If this is not done well and a plaintiff becomes distracted by the defense lawyers’ predictable efforts to force them to put in endless numbers of unnecessary, non-productive hours fighting over tangential issues that will ultimately not matter at trial, the end result will be a very bloated lodestar that will make achieving a reasonable premium much more difficult. Quite simply, if I litigate a case for several years and ultimately get a one-to-one fee-to-lodestar result for my firm, nobody should be patting me on the back. If they’ve got their eye on the ball, what they should be saying is, “Why did we take all that risk for the same fee that we could have received in a straight billable case?”
Although it is clear that the way to produce premiums is to be super-efficient, doing so is tricky and requires a variety of strategies. In some cases, I’m the most efficient person to handle certain tasks, even if it’s technically below my pay grade based on my years of experience. I am constantly weighing whether certain tasks should be given to an associate or handled by someone higher up the chain. Many times even a simple task could end up generating an outsized lodestar if given to a junior associate simply because they don’t have the experience to handle it efficiently. So I’m always engaged in a balancing act to figure out what I or the other more senior members of my team should be doing and what I should be delegating further down the chain.
LD: Great way to visualize it. Can you give me an example of the importance of efficiency working the plaintiff side?
PI: Sure, one of the first things I learned on the plaintiff side of these antitrust cases from David Boies is to figure out the three to five cornerstone elements of our case, which elements, if proven, will enable you to win at trial. You must view those issues as your fort and you have to go all out to build, solidify and protect that fort.
Defendants often try to pull plaintiffs away from those issues and force you to expend resources battling over many tangential issues that don’t relate to those key issues you have identified. The key is to recognize this and cave on those tangential issues if necessary. It’s just about building and guarding your fort.
The CRT case is a great example of this strategy in practice. This case involved an incredible and unprecedented documentary record of the price-fixing conspiracy at issue. Despite this, the class and defendants’ counsel noticed well over 100 fact depositions, most of which added virtually nothing to the record that had already been established by the explicit documents. As a defense lawyer, you simply just attend as many of those as you can.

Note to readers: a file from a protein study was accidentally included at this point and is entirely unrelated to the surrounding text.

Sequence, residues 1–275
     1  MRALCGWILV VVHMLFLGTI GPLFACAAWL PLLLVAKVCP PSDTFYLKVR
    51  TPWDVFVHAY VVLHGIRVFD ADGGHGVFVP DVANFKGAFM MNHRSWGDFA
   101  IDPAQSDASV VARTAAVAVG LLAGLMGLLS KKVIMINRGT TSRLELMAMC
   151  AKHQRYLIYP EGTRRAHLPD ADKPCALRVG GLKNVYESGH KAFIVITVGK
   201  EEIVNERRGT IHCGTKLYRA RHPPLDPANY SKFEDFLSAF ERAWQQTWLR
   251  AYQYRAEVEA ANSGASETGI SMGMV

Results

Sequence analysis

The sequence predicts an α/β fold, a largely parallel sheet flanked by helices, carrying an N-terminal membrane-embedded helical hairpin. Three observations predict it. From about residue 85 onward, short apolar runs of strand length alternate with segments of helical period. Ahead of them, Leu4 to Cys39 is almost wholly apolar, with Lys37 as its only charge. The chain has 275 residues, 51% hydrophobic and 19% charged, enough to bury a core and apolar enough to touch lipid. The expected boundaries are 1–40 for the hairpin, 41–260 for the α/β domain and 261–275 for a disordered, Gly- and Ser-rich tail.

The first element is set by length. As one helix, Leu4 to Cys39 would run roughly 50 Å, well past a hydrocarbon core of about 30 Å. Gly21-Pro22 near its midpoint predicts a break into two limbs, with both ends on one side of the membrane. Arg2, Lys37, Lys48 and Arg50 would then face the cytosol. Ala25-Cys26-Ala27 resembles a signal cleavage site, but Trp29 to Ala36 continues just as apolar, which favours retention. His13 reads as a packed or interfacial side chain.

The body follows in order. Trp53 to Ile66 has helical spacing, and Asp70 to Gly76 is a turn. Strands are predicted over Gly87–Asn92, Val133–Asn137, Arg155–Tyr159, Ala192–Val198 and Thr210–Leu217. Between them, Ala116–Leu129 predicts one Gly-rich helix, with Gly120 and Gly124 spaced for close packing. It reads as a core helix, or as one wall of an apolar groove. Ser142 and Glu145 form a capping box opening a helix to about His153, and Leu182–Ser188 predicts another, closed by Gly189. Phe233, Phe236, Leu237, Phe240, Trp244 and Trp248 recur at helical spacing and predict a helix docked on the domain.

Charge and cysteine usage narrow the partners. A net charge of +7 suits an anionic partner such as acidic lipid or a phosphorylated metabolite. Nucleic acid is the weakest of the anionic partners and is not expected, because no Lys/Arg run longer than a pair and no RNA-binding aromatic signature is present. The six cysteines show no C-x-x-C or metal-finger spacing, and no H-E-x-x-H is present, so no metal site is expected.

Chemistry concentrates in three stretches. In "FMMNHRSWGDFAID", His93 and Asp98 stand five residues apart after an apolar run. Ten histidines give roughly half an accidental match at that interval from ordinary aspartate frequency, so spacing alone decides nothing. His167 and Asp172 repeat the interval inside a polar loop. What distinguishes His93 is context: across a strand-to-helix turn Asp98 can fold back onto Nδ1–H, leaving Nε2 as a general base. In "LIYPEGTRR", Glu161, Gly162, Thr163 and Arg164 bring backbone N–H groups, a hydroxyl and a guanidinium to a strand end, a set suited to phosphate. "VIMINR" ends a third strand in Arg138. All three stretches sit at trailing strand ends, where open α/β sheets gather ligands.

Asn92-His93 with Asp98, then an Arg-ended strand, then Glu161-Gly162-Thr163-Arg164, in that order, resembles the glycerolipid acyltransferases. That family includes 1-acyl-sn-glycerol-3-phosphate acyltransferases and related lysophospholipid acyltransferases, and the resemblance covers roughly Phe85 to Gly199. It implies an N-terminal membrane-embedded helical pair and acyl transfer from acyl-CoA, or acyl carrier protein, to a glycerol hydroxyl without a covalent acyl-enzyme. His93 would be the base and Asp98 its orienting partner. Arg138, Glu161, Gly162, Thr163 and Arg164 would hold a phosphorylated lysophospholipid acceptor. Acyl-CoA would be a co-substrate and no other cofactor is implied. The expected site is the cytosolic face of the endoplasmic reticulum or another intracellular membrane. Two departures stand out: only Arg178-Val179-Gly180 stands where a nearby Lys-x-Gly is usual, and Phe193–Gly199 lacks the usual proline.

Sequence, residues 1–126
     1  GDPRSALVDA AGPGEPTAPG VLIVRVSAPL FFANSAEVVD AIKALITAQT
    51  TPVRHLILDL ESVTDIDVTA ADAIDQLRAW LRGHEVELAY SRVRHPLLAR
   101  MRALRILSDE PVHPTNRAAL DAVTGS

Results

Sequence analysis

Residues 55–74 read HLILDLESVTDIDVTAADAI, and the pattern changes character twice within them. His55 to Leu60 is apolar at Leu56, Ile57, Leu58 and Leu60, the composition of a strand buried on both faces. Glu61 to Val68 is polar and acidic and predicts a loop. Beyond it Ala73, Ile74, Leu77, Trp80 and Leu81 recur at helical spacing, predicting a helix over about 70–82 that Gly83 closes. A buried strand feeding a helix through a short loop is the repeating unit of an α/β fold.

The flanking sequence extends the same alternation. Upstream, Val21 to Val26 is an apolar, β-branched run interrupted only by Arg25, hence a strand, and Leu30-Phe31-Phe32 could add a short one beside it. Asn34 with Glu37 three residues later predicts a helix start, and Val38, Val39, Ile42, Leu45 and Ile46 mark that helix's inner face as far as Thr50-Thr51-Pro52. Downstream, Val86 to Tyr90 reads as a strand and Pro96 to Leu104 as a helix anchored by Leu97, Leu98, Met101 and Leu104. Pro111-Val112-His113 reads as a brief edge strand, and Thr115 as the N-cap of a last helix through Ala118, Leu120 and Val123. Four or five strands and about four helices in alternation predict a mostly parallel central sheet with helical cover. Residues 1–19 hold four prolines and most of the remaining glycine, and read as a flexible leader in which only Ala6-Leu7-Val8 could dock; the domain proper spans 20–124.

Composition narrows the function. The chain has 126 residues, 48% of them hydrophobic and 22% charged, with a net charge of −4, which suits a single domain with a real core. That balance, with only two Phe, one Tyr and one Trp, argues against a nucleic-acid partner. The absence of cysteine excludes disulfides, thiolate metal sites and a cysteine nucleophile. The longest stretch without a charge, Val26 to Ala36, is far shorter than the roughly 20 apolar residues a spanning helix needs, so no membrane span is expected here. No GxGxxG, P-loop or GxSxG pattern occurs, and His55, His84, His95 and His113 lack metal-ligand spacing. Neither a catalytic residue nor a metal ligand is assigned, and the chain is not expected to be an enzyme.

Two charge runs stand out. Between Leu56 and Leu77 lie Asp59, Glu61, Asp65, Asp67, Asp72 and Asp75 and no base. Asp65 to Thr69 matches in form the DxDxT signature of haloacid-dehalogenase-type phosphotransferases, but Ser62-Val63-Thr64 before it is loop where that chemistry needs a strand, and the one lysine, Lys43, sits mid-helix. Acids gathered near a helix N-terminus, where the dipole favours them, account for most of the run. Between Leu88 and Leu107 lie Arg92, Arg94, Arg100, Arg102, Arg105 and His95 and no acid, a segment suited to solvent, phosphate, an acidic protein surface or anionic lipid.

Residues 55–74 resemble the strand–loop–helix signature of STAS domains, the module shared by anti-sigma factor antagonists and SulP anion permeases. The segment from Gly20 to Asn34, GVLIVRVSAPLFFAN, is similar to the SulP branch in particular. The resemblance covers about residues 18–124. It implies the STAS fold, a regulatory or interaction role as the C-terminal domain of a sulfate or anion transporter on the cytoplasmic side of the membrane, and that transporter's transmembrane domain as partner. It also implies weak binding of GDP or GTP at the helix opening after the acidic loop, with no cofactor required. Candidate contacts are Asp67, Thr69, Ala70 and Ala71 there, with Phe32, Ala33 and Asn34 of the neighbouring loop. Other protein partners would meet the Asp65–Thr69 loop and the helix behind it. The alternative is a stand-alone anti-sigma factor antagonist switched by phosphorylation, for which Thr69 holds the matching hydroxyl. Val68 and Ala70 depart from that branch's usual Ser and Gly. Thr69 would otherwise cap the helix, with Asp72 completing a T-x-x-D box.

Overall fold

Representing my group of corporate opt-out plaintiffs, however, I knew that since the evidence was so rock solid I could have added virtually no value by attending every one of those 100 depositions and asking questions, so I chose not to. But there were some critical depositions for the trial of the case because they were witnesses from the defendant that was cooperating with the DOJ. Those witnesses refused to come to the United States, and were instead scheduled over a two-week period in Taiwan.
It was an extraordinary expense and a lot of time, but since those depositions were so critical, I volunteered to travel to Taiwan to take the lead on each of those deposition on behalf of all the opt-outs in the case. Those depositions were critical in building the record necessary to successfully try that case through those witnesses’ admissions and the foundation they laid to admit all the most important documents into evidence. We ultimately recovered almost a quarter-billion dollars in that case for our corporate clients – which was at least five times more than each of those clients would have gotten had they remained in the class. Based on these strategies, the end result for my firm was also a large premium in fees.
LD: How did opt-out litigation evolve into a major practice?
PI: Remember that I’m not only doing opt-out plaintiff cases. In addition to traditional defense work, I’m scheduled to try an old-fashioned competitor antitrust case for a plaintiff in 2021. I’m going to be assisted by Karen Dyer, one of our firm’s top trial lawyers. We’re representing a medical device manufacturer, which is challenging a much larger competitor’s illegal tying arrangement, and seeking hundreds of millions in damages. It’s just a classic antitrust violation and Karen and I are really excited to try the case.